Giuseppe Verdi (1813 – 1901)
“In art, as in love, we must first be honest”, Giuseppe Verdi, Italian composer.
Giuseppe Verdi had virtually the same life span as Queen Victoria and was certainly as much king of the world of Italian opera as was Victoria Queen of England or Empress of India.
Italy’s great operatic composer, Verdi was born into a poor family. His natural ability became apparent at an early age and he was always transfixed by music. By the time he was an altar boy in the local church, he was completely absorbed by the sounds of the humble church organ.
He owed his musical education to a wealthy merchant from Busseto and, when rejected by the Milan Conservatoire, he returned to Busseto in 1836, where he completed his first opera “Rocester”. This has since been lost but his reputation soon became established with “Nabucco” in 1842.
Verdi visited London in 1846/47 but this left him with mixed feelings. Pleading “pressure of work” he refused to meet Queen Victoria and this backfired on him when she observed in her diary that his music for “I Masnardieri” was very inferior and unexciting’.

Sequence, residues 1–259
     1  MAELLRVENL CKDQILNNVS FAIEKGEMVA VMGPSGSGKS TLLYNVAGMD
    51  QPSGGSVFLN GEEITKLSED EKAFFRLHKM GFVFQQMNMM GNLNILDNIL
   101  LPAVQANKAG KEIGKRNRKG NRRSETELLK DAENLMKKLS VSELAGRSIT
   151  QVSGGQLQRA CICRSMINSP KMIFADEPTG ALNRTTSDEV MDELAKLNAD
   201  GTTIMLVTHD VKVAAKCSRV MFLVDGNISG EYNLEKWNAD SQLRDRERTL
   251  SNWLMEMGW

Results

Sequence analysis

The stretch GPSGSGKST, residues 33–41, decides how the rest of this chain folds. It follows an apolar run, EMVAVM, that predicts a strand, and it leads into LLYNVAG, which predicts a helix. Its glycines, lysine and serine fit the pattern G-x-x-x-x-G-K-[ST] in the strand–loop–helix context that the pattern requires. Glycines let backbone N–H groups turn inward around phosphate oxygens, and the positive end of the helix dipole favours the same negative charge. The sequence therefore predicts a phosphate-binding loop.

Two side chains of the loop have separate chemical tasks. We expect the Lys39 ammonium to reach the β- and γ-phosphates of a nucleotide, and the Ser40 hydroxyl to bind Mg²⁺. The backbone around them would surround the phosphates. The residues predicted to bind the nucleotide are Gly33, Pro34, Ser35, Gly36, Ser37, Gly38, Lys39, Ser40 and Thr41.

Giuseppe Verdi, an undoubted genius in the history of music and a key figure in the development of opera, created some of the most enduring masterpieces ever written. His most famous operas are “Rigoletto” (1851), “Il Trovatore” (1853), “La Traviata” (1853), “Simon Boccanegra” (1857), “A Masked Ball” (1859), “The Force of Destiny” (for the St. Petersburg Theatre, 1861) and “La Forza del Destino” (1862).
Verdi composed the opera “Don Carlos” for the Paris Opera in 1867. He was then specially commissioned by the Egyptian government to create the opera “Aida” for the opening of the Suez Canal in 1871.
His later masterpieces, both from Shakespeare, are “Otello” (1887) and “Falstaff” (1893).
Verdi had a dislike of the limelight. He was simply not interested in pomp and glory. His only pleasure he gained from the public was the success of his operas. He was a genuinely committed musician, deriving pleasure from the enjoyment of his music rather than from public renown.
Verdi’s farm at Sant’Agata was his refuge from the rigours of his career as a composer – there he could live the life of a country gentleman in the company of those he loved.